The massive Romanesque bell-tower (1124) is crowned by a cusp, over which one may see the side of the church and the apse dating back to the 12th century. The interior of the basilica is divided by three naves with twentytwo antique granite columns with stucco capitals, added up during the restoration occurred in 1600, and was decorated by Pietro Cavallini, whose school also carried out the absidal mosaic. Two porphyry columns, the biggest ones in Rome, support the triumphal arch. The nice cosmatesque floor covers the entire surface of the church. In the seventeen-century ceiling with carved and golden coffers with a light blue background is a copy of the Thriumph of St Crisogono, a marvellous work by Guercino.
Remains from the first church, possibly from the reign of Constantine I, and earlier Roman houses can be seen in the lower parts, reached by a staircase in the sacristy. The ruins are confusing, but you can easily find the apse of the old church and you can see the remains of the martyr’s shrine in middle of the apse wall. The church had an uncommon form; rather than the normal basilical plan with a central nave and two aisles on the sides, it had a single nave.
On either side of the apse are rooms known as pastophoria, service rooms of a type uncommon in the West but normal in Eastern churches. The one on the right-hand side is thought to have been used as a diaconium, with functions resembling those of the sacristy in later churches. The other would then probably have been a protesis, where holy relics were kept.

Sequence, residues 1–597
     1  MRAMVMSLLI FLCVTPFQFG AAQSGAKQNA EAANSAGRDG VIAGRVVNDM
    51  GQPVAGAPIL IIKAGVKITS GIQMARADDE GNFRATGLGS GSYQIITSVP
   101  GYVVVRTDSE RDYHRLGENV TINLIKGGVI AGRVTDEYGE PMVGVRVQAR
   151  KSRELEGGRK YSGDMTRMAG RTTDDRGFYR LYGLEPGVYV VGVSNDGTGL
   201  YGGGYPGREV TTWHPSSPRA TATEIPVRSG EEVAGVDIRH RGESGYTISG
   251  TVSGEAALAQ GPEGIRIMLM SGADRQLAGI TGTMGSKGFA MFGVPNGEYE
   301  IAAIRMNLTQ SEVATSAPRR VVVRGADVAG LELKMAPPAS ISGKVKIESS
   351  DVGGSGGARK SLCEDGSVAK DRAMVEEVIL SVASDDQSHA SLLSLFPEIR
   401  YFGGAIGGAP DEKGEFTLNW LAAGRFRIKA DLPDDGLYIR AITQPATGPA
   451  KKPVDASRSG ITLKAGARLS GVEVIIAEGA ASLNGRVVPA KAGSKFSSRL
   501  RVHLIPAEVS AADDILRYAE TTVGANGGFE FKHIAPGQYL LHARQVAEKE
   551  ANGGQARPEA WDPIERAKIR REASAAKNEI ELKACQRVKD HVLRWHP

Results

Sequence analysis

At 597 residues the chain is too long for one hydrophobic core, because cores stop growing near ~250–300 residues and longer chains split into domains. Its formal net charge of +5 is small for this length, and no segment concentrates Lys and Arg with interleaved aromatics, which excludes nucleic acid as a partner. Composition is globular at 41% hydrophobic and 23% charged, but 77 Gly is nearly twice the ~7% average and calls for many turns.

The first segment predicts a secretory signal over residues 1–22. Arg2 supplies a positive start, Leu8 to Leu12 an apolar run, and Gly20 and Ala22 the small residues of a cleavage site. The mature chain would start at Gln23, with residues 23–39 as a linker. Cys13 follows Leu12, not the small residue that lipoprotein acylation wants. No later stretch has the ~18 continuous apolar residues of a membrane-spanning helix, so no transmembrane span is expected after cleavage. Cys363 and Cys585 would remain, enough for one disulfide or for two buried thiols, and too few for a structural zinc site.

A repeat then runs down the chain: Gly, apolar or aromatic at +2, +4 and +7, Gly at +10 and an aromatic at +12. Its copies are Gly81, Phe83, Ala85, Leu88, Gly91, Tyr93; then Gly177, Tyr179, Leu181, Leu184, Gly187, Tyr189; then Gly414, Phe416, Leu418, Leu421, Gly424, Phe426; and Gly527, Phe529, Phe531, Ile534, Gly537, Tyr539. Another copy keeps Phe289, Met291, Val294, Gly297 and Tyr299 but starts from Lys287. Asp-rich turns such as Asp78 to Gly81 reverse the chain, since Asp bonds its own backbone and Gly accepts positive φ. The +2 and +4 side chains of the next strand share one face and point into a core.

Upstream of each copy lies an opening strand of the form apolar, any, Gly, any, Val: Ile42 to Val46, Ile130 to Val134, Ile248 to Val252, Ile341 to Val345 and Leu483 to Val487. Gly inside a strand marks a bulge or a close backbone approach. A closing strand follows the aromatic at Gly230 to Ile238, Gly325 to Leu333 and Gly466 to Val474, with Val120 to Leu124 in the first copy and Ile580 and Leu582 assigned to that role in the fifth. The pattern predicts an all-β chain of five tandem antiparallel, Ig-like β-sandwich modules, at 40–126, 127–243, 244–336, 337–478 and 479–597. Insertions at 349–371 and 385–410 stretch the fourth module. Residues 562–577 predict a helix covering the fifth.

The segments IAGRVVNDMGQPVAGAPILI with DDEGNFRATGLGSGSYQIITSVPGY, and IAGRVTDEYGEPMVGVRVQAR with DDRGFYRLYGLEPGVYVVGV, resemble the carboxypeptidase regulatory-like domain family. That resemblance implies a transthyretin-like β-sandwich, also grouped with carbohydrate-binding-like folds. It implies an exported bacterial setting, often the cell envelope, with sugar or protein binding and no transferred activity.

A number of basins were found here during the excavations, including one cut into the south wall. As the plan is so atypical of early Roman churches, some believe that the structure originally had a different function, and the presence of the basins could mean that it was a fullonica, a laundry and dye-house. The area was a commercial district at the time, so this is quite likely. Others think that the basin in the south wall was made for baptism by immersion. As there were other basins too, it seems more likely that it was originally intended for a different use, but it may very well have been used as a baptismal font after the building had been consecrated as a church.